From the Virginia Society of Certified Public Accountants - Presented by Dean Knepper, CPA, CFP®


(April 1, 2007) -- Don’t be fooled by its name. The Pension Protection Act of 2006, signed into law last August, includes a number of tax law changes that have nothing to do with pensions. Tucked into the pension act are several provisions related to charitable giving you should know about.

According to the Virginia Society of CPAs, the law tightens the rules for donating clothing and household items and requires you to substantiate all monetary donations. On the plus side, the new law allows qualified individuals to make direct, tax-free contributions of Individual Retirement Account (IRA) proceeds to charity.

Check condition of donated items

Under the new law, effective after August 17, 2006, you may take a deduction for used clothing and household items only if the items you donate are in “good” condition or better. (The law does not define “good” condition.) For the purpose of this deduction, it includes such items as furniture, electronics, appliances, linens, and similar items (but not food, paintings, antiques, art objects, jewelry and gems, and collections).

There is one exception to the rule regarding the condition of donated items: You may claim a deduction of more than $500 for any single item, regardless of its condition, provided that you submit a qualified appraisal of the item with your tax return.

Start collecting receipts

The pension act includes stricter rules for deducting charitable donations. Beginning January 1, 2007, regardless of the amount of your donation, to qualify for a deduction, you must have a bank record, such as a cancelled check or bank statement, or a written communication from the charity. You do not need to mail in the documentation, but you will need to produce it if you are audited.

The bank record and/or written communication must indicate the name of the charity, the date the contribution was made, and the amount of the contribution. No tax deduction will be allowed if the taxpayer cannot provide any supporting documentation. Other written records do not qualify.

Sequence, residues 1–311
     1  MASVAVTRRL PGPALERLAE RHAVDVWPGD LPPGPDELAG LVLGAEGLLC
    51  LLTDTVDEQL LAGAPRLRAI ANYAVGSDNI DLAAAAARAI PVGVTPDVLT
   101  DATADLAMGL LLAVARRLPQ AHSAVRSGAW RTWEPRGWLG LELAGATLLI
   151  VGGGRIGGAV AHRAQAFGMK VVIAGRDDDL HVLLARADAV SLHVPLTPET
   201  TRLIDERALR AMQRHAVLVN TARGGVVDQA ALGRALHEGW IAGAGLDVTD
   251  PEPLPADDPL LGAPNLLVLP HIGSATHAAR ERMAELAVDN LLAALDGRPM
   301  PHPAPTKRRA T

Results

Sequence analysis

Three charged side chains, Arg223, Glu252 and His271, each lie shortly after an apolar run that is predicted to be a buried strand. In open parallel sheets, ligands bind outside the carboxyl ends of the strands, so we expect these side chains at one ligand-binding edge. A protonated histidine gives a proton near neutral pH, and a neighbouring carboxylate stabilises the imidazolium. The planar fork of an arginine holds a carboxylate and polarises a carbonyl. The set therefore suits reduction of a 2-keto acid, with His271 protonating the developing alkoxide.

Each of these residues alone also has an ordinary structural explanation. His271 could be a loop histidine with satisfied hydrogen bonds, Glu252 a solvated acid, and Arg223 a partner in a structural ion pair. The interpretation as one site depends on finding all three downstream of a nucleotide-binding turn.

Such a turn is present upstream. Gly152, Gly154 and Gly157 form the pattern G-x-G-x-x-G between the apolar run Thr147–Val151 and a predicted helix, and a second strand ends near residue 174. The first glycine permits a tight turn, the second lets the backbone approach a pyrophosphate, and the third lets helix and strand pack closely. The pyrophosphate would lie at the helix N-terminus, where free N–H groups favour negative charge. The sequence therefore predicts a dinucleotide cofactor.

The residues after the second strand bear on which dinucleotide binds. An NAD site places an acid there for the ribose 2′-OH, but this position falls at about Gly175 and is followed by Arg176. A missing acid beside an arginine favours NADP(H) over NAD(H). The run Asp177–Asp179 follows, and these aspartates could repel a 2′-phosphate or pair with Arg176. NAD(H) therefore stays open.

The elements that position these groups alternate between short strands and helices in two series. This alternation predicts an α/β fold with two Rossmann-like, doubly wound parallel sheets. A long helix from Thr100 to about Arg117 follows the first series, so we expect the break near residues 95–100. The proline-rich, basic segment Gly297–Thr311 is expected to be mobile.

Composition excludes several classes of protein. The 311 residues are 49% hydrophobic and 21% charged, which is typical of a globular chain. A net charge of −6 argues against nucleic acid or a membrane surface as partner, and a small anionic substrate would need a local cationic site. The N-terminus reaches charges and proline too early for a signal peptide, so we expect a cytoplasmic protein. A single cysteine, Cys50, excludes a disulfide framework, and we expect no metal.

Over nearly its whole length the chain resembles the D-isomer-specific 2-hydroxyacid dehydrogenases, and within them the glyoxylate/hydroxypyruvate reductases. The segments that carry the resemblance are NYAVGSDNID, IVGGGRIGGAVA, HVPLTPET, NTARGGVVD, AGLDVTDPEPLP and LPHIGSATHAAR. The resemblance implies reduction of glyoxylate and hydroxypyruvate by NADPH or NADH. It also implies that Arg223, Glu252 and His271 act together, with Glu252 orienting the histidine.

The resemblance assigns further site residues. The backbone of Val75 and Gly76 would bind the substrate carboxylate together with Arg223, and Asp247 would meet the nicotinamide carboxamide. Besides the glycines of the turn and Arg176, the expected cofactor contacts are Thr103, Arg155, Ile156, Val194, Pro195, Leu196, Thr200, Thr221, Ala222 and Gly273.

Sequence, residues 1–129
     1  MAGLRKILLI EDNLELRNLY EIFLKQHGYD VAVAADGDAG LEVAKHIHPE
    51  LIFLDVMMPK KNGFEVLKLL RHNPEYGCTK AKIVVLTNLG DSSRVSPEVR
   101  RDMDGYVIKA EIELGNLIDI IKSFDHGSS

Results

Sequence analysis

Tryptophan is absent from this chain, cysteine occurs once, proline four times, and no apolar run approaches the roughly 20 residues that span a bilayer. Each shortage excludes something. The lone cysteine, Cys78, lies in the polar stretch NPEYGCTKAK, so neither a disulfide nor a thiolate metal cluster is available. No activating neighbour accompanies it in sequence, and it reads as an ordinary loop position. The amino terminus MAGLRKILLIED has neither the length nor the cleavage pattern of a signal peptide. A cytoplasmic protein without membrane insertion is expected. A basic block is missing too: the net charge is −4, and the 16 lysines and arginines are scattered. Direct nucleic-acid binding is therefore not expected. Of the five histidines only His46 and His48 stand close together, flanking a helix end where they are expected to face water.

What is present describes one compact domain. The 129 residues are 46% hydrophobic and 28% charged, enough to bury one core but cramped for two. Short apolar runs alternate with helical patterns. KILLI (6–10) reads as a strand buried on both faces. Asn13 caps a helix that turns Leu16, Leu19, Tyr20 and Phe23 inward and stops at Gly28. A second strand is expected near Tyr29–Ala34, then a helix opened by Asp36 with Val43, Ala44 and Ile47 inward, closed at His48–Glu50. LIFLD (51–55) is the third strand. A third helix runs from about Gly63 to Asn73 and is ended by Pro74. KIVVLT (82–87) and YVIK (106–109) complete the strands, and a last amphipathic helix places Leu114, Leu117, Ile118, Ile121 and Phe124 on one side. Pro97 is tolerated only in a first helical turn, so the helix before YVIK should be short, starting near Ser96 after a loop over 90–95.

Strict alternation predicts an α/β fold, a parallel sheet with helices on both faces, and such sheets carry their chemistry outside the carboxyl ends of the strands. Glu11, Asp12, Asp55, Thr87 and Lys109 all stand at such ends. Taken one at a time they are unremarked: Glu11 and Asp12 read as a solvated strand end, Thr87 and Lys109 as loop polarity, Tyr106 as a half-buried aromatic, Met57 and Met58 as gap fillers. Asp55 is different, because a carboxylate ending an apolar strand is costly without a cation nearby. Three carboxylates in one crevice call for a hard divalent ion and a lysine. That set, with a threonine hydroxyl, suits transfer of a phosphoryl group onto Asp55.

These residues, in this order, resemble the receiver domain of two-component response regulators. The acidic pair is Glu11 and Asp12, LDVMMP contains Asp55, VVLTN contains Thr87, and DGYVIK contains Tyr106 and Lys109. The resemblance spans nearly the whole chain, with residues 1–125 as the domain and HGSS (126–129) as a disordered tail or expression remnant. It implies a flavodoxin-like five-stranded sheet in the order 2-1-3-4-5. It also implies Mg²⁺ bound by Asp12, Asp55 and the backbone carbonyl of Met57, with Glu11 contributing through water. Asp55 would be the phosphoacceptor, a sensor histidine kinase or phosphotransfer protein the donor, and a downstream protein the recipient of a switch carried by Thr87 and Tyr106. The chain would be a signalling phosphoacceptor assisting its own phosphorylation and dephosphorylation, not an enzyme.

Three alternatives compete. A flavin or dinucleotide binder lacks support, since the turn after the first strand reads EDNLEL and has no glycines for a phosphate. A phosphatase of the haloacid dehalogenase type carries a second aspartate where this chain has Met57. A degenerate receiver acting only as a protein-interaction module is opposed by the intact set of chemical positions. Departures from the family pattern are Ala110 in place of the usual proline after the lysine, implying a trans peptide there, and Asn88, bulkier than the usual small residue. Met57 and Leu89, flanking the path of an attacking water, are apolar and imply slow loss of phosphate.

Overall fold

Make donations from your Individual Retirement Account

Under the Pension Protection Act, for distributions in tax years beginning in 2006 and 2007, if you are age 70½ or older and have an Individual Retirement Account (IRA), you can donate up to $100,000 each year from your IRA to charity. For married individuals filing a joint return, the limit is $100,000 per spouse. The distribution counts toward your required minimum distribution, but will not be taxable to you. To qualify, the distribution check must go directly from the IRA trustee to the charity. Under Internal Revenue Service (IRS) interpretation, it also allows the IRA owner to hand deliver a check from the IRA made out to the charity. You do not need to itemize your deductions to take advantage of this provision.

No deduction is available for the amount given to the charity, but because the donation reduces your adjusted gross income, you may be able to claim deductions that would have been phased out or eliminated had the distribution been included in your income.

Consult with a CPA before making fractional gifts

There are new rules for deducting fractional gifts of tangible personal property, such as shares of artwork. The new rules, which took affect after August 17, 2006, are complex. To better understand how the new rules affect you, contact your CPA.


The Virginia Society of CPAs is the leading professional association dedicated to enhancing the success of all CPAs and their profession by communicating information and vision, promoting professionalism, and advocating members’ interests. Founded in 1909, the Society has nearly 8,000 members who work in public accounting, industry, government and education. This Money Management column and other financial news articles can be found in the Press Room on the VSCPA Web site at


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